Age of Legends is a game of heroes in Greek mythology, so the best piece of advice for Game Leaders is to make it large. Focus on epic adventures, giant monsters and incredible feats with a constant stream of interfering gods. The minutiae of game play, such as equipment lists or strict adherence to the rules, is best kept at a minimum. The heroes' epic story matters more than how the game plays and Game Leaders should keep things flowing and avoid becoming trapped by game mechanics and details.
Epic does not mean lighthearted and the game's tone is serious, since death is the heroes' constant companion. Remember that not all the Argonauts returned home and Odysseus was one of the few survivors from the Odyssey. The fate of thousands of ordinary lives will depend on the heroes' actions. This is a world where cities are destroyed by vengeful gods and war is just a misplaced word away.
Greeks were great lovers of tragedy and Game Leaders are advised to learn from their plays. Terrible things should befall the family, friends, helpers and servants of the heroes. Failure and the despair and destruction it brings is part of being a hero. A Game Leader's aim is to present the heroes with genuinely difficult challenges. A player should feel a real sense of accomplishment when completing a quest.
The characters are the primary source of narrative development. It is they who must push the adventure forward by solving their own problems and not relying on NPCs to provide easy answers. Gods do not appear before the heroes at the start of each legend with a plot hook. They send messages through oracles, omens and portents. Heroes who ignore or misinterpret such signs do not deserve the title of champion. Gods, other immortals and mortal villains will interfere with the characters' plans but this is done indirectly. The ability to realise the old farmer giving directions is a god in disguise is an important survival skill for a character.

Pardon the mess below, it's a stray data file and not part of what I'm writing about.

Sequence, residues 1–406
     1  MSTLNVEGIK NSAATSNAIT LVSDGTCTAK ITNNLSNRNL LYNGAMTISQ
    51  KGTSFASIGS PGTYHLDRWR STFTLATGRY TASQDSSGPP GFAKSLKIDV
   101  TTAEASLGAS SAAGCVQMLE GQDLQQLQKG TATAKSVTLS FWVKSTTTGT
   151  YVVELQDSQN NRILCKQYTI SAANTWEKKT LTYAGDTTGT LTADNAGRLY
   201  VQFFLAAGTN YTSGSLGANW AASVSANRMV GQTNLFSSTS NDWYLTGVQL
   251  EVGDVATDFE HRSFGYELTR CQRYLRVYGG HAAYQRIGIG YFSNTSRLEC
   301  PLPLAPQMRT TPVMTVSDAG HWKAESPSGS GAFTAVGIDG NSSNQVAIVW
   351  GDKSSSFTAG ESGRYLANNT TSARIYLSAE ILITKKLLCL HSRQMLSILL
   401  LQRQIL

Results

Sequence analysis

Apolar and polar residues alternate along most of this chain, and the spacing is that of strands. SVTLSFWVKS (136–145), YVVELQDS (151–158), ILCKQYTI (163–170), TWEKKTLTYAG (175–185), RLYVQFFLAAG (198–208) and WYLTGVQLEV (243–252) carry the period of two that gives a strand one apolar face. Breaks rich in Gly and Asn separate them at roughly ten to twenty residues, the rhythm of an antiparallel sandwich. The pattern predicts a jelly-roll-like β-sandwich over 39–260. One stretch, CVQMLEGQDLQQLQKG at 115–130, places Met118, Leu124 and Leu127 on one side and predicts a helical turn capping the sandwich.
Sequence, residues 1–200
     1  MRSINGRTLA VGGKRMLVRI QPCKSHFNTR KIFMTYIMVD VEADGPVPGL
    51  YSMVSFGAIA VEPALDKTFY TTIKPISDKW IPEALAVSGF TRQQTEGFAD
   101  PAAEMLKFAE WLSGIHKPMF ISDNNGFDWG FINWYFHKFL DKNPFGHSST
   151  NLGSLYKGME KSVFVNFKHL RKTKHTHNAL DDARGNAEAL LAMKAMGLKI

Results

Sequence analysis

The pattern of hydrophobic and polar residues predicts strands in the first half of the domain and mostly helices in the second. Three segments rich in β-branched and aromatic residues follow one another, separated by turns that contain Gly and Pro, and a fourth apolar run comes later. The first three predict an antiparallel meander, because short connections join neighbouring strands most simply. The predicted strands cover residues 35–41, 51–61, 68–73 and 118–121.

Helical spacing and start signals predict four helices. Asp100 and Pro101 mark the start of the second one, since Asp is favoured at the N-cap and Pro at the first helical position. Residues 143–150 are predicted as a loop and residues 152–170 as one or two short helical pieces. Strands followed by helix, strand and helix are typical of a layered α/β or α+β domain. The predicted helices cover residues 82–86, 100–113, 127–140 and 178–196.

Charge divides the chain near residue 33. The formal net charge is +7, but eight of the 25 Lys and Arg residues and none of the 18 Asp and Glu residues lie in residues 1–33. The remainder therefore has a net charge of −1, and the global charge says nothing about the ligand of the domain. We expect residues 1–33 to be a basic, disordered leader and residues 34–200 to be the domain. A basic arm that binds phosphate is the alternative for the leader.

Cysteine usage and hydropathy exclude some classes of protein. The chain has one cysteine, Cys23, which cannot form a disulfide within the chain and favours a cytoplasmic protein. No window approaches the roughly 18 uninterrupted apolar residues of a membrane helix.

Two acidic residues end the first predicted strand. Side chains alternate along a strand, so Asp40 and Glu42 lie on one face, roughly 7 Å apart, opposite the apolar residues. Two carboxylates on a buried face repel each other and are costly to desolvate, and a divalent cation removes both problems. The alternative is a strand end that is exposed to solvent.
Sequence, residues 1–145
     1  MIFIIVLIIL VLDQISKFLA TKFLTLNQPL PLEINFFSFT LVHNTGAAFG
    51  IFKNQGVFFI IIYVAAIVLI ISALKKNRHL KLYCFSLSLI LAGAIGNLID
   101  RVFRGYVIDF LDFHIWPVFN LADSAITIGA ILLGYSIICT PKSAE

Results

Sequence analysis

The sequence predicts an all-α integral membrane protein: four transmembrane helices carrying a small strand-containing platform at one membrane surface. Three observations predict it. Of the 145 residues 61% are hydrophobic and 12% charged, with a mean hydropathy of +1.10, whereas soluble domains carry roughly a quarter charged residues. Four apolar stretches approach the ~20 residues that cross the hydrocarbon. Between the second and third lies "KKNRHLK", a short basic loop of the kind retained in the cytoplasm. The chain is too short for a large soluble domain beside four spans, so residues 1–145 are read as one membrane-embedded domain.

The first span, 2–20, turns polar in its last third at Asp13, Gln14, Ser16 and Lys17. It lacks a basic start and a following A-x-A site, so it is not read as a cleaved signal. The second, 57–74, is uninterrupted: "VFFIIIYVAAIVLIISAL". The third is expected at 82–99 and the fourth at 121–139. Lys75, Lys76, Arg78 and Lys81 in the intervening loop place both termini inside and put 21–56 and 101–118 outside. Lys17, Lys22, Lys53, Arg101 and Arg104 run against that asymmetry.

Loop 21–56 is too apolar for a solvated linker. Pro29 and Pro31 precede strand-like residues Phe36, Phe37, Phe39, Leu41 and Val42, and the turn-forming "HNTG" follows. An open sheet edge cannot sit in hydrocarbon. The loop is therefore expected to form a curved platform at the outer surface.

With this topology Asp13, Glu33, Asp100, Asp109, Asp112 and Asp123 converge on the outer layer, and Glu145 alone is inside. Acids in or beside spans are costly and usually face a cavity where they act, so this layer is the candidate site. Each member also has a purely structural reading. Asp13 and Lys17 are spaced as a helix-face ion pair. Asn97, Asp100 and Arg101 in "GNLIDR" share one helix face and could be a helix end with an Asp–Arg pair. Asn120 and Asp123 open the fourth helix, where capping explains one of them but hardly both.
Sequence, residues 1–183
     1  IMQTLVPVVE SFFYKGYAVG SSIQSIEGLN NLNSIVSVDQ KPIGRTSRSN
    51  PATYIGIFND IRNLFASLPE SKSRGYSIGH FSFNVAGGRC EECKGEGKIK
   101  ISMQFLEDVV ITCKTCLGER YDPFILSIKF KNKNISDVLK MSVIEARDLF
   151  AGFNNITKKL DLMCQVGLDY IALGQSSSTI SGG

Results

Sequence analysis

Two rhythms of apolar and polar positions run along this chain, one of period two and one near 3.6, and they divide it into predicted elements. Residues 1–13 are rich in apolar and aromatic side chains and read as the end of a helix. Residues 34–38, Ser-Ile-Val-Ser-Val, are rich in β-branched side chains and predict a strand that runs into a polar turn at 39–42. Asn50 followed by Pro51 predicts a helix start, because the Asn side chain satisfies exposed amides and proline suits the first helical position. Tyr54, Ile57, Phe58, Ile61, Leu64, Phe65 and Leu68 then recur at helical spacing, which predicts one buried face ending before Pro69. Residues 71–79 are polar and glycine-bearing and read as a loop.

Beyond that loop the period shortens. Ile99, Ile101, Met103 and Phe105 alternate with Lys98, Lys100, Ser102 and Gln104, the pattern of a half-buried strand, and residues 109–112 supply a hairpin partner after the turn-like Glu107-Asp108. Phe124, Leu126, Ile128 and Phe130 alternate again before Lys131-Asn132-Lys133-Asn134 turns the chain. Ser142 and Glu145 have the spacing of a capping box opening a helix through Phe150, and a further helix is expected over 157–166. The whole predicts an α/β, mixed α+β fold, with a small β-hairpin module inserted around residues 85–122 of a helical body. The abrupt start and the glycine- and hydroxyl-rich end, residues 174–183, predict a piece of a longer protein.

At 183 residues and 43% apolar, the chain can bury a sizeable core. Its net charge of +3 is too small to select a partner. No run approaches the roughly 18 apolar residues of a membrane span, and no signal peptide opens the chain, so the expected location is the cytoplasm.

The players' champions are not the first heroes since the return of the gods. Champions of the Olympians have walked through Greece for several years and they are welcomed with a mixture of adulation, respect and caution. Adulation because heroes are paradigms for the best of Greek civilisation, respect as these are powerful people endorsed by immortal beings and caution as danger and strife follow wherever a hero goes.
The number of living champions is small, no more than fifty at one time. A champion’s authenticity can be checked through a temple ritual or the word of a respected oracle. Beings with divine or magical heritage such as nymphs or cyclopes will be able to sense the divine in a true hero. As champions are involved in the conflicts of the gods they frequently encounter and become known to each other. Through their epic feats they quickly become famous (or infamous) to the general population.
The overarching theme for Age Of Legends is the relationship between mankind and gods, and which need the other more. A god gains their power from followers and competition between the gods is the source of much of the conflict in the world. For their part, mortals are just beginning to understand their own world and the power that knowledge brings. In time their power will threaten entire pantheons of gods.
The champions are emblems of the conflict between the mortal and divine. The gods grant champions great power yet they may die serving a petty minded god on a mission they don't understand. However, by choosing heroes the gods reveal how much they need mortals for problems which raw power alone cannot solve. The balance between gods and mortals is changing and the champions are the pivot point. Which way the balance tips is for Game Leaders and players to decide.
Adventures involving Cronus and his loyalists focus on their attempts to break free of Tartarus. If they succeed, the subsequent war amongst immortals will devastate the mortal world. Cronus and his faction lack the strength to take on the Olympic pantheon directly. Instead, they act through agents to undermine the power of Zeus by highlighting Olympian weaknesses. Cronus wants mortals to reject Zeus and his brood for someone strong enough to protect them (i.e. Cronus). Combating these agents is why the Olympians have heroes and defeating Cronus' plots is the mainstay of heroic adventures.